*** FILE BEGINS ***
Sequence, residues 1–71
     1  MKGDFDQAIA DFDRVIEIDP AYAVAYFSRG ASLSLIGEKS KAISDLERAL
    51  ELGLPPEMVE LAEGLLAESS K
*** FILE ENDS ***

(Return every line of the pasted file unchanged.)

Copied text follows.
Sequence, residues 1–71
     1  MKGDFDQAIA DFDRVIEIDP AYAVAYFSRG ASLSLIGEKS KAISDLERAL
    51  ELGLPPEMVE LAEGLLAESS K